Money isn't considered capital because money merely facilitates trade and doesn't hold intrinsic value. Capital holds value because it is productive; for example, a tractor is a capital good because it plows fields. A field cannot be plowed with a $5 bill, so money itself cannot be used for productive means.
Calling something "capital" indicates that it is a means of production. A dentist's means of production is a drill, and a carpenter's means of production is a hammer. A carpenter would use money to purchase a hammer, but he wouldn't use money as a direct means of production.
Money can be thought of as a measure of a capital good. Capital goods that hold more productive value ought to cost more money, and conversely, goods that hold less value cost less.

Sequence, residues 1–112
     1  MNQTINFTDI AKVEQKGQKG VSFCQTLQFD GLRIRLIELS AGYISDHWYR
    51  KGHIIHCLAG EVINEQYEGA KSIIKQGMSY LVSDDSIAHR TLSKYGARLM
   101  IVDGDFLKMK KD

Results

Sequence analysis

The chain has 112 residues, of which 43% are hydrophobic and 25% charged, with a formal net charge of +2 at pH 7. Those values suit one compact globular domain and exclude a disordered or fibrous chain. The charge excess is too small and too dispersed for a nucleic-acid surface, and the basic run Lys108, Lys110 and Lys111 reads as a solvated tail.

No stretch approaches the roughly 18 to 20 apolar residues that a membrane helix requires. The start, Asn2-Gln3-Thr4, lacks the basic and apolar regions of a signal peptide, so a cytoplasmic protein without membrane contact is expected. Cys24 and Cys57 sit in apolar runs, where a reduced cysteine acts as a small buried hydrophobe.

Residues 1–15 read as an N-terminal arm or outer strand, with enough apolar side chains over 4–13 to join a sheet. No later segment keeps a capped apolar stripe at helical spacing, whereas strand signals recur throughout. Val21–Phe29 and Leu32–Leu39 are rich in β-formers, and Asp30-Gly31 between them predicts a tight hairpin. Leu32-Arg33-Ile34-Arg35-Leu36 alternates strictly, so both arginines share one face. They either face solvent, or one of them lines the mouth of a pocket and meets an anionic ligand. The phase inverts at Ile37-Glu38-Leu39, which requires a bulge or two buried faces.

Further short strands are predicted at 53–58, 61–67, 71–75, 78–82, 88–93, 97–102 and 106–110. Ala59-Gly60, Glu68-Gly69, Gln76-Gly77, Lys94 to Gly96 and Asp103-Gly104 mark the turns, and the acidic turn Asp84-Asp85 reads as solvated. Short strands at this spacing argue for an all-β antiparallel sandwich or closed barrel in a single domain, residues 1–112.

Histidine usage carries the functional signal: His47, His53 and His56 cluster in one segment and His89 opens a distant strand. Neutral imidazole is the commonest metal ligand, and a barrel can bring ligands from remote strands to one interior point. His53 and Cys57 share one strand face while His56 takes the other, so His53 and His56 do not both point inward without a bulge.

Scarcity drives value in capitalism. If an entire town had one hammer, the hammer would have a high price tag. Money, or rather the cotton and paper used to produce money, isn't scarce. Government treasuries can print money at will and only do so in order to stimulate or reign in economies. Money's value is tied to the amount of goods or services it represents. When the United States used the gold standard, a dollar was worth an exact amount of gold held by the government. The U.S. dollar eventually became purely a symbol of trade.